The other day we were driving by Big’s soon-to-be elementary school—which happens to be two stories—and he asked me if there was an elevator. I quickly responded, “No, just stairs.” He corrected me (of course), first saying that there was probably a cool ladder instead, then by asking, “Well, what about people who can’t walk up the stairs?” I told him he was right, there was most definitely an elevator for people who aren’t able to walk up stairs.
This only piqued his interest. He started asking me how people in wheelchairs get into cars. He was so sincerely interested and concerned. As we talked about it, he kept saying, “Cool!”
It got me thinking that while I’ve been pretty wrapped up in feeling sorry for myself and my family lately due to my dad’s disabilities and setbacks since being diagnosed with brain cancer 6 years ago (he’s often in a wheelchair or using a walker), my kids are learning wonderful lessons in empathy—and life—spending time with their grandpa.
It’s true, I absolutely hate that Big thinks watching my dad walk a few yards unaided is cause for celebration. But I absolutely love that he cheers for him and feels pride watching his grandpa succeed.
I absolutely hate that Big locates things around my parents’ town in relationship to where the hospital is. But I absolutely love that he begged to visit his grandpa last time he was in there, even though it was a bit scary.
I absolutely hate that every time Big sees a fire truck, he thinks someone has fallen and needs help. But I absolutely love that he knows there are such things as real-life heroes, and that it’s ok to ask for help.
I absolutely hate that Big assumes his grandpa will be asleep whenever we call or go over to see him. But I absolutely love that he still insists on calling and considers it a Friday adventure to go spend time with Nana and Grandpa (then asks to go back on Saturday too!).
I absolutely hate that when Big sees pictures of himself as a baby with my dad he shouts, “There’s Grandpa before he got his brain ouchie!” (Especially because it wasn’t…but it was before a number of other setbacks that have impacted his strength and appearance.) But I absolutely love that he’s had years to bond, giggle and feel truly adored, in spite of my dad’s declining health.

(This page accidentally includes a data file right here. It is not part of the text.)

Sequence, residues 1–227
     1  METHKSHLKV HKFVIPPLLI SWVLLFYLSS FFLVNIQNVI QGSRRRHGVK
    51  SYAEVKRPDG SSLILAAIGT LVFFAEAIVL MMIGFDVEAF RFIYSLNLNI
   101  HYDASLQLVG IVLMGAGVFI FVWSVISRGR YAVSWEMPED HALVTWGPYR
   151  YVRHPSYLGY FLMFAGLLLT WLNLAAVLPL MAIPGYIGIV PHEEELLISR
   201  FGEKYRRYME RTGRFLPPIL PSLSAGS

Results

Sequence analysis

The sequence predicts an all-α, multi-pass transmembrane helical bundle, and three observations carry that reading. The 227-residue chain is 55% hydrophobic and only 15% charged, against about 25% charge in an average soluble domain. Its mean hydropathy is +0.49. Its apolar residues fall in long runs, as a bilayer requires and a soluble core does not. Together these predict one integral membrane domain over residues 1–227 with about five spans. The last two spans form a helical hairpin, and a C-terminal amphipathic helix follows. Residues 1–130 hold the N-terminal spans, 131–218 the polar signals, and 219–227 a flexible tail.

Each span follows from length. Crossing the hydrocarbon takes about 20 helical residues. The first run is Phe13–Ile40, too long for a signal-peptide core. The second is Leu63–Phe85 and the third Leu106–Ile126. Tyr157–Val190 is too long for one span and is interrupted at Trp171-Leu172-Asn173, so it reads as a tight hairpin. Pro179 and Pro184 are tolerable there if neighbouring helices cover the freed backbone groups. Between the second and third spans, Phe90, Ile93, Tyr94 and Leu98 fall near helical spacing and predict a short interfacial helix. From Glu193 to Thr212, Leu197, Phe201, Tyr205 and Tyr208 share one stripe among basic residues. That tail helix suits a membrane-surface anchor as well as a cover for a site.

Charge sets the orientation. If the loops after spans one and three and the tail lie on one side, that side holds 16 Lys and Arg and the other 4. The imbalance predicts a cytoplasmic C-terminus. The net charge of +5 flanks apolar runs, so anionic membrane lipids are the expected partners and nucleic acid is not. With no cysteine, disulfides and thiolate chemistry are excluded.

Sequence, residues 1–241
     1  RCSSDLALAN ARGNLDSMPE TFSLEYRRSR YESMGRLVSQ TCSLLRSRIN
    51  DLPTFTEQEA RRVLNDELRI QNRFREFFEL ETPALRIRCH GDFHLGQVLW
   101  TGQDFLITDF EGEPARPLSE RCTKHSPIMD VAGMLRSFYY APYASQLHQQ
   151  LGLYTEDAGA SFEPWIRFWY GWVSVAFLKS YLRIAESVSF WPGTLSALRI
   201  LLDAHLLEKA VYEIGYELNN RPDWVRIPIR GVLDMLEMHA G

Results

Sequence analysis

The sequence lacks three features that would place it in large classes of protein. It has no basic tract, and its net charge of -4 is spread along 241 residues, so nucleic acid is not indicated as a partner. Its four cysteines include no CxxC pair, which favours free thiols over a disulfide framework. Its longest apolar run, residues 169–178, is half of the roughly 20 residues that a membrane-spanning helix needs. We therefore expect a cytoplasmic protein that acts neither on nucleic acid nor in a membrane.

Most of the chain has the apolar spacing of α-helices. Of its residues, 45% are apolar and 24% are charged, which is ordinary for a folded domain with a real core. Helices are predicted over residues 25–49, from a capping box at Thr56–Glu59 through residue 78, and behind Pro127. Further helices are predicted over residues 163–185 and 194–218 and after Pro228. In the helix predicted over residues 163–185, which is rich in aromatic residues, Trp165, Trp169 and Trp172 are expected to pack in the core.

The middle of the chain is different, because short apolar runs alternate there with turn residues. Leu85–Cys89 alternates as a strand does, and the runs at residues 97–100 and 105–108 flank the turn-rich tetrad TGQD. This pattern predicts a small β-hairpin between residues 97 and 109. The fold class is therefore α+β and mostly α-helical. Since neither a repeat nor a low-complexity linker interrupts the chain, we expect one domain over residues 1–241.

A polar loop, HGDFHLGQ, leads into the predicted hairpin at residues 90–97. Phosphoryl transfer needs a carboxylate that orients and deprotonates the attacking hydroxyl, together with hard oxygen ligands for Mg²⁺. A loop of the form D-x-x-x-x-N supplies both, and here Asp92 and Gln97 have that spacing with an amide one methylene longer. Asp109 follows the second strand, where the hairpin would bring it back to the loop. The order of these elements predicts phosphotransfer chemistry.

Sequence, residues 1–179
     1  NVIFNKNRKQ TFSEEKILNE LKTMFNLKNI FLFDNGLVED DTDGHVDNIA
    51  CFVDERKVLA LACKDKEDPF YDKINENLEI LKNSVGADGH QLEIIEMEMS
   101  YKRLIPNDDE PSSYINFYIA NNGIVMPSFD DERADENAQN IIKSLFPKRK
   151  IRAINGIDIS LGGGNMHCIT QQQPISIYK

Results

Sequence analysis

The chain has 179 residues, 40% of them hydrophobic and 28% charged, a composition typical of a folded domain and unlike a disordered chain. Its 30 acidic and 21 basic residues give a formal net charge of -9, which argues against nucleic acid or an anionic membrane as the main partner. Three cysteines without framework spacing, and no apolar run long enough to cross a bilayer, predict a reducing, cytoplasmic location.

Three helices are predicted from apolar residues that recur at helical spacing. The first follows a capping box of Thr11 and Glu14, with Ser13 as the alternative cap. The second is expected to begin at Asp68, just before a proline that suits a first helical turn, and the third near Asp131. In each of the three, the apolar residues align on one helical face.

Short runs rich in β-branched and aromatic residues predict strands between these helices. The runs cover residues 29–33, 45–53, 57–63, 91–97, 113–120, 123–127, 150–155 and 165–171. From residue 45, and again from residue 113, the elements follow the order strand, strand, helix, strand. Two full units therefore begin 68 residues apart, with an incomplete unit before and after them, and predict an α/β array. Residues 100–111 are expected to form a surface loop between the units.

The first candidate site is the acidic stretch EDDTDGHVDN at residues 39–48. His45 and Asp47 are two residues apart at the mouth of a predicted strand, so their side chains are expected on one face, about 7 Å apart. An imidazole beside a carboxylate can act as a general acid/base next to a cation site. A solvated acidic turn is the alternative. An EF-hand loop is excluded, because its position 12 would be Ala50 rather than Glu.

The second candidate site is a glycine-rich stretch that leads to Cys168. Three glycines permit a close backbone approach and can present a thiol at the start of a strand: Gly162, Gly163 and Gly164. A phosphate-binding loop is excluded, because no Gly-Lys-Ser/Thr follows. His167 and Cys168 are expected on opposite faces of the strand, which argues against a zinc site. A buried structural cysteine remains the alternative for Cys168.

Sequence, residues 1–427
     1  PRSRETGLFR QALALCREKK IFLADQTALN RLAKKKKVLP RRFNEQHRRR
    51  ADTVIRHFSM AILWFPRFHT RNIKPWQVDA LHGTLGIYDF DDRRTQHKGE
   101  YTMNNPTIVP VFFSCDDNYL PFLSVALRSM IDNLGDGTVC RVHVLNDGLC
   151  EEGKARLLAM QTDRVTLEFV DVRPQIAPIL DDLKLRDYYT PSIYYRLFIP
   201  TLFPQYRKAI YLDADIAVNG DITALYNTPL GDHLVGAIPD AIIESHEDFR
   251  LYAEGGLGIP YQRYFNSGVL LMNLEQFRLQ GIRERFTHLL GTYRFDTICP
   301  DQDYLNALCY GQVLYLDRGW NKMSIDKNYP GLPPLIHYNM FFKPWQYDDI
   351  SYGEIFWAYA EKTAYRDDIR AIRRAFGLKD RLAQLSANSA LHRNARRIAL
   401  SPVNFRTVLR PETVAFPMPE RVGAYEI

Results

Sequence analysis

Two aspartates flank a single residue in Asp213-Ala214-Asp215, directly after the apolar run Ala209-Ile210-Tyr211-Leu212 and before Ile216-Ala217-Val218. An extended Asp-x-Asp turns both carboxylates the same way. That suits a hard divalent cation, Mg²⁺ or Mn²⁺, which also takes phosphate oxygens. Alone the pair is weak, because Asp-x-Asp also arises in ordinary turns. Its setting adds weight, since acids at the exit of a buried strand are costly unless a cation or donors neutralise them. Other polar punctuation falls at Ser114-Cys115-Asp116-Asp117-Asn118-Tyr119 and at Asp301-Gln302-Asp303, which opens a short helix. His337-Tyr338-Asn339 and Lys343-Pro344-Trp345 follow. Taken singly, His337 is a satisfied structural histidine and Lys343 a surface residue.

I absolutely hate that even Little is beginning to get frustrated by being called the wrong name time and time again (then again, that may be because I do it too). But I absolutely love that the boys continue to remind their grandpa that he got it wrong—because they haven’t given up hope that he’ll remember next time.
I absolutely hate that Big’s growing vocabulary includes words like cancer and heart attack. But I absolutely love that when it comes to my friend’s son with leukemia, rather than being squeamish, Big sports a shirt with his picture and tells people his friend is sick, but he’s fighting to get better.
No doubt my kids will be awkwardly uncomfortable and say the wrong thing around someone who’s different at some point along the way. But for the most part, Big doesn’t seem to care if someone has purple hair—or no hair at all for that matter. It’s not to say that he doesn’t notice, he just doesn’t think it’s a reason to fear or judge people.
There’s so much that I hate about my dad’s situation. I hate that my kids won’t learn how to serve a tennis ball, soak up sun while mowing the lawn, run a 10k, do a flip on a trampoline (or off a high dive) or make a mean batch of chocolate chip cookies from the master. But I can’t help but love the lessons they are learning from their grandpa. And I hope they always remember how he shaped their outlook on life in so many wonderful ways. I know I will.